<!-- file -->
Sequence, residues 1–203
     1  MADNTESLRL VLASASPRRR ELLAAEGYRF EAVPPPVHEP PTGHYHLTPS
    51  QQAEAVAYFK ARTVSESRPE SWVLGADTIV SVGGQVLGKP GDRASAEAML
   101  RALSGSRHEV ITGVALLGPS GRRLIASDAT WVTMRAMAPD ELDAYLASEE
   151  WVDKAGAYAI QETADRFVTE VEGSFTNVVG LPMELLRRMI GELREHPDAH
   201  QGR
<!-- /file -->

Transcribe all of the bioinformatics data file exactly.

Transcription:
Sequence, residues 1–203
     1  MADNTESLRL VLASASPRRR ELLAAEGYRF EAVPPPVHEP PTGHYHLTPS
    51  QQAEAVAYFK ARTVSESRPE SWVLGADTIV SVGGQVLGKP GDRASAEAML
   101  RALSGSRHEV ITGVALLGPS GRRLIASDAT WVTMRAMAPD ELDAYLASEE
   151  WVDKAGAYAI QETADRFVTE VEGSFTNVVG LPMELLRRMI GELREHPDAH
   201  QGR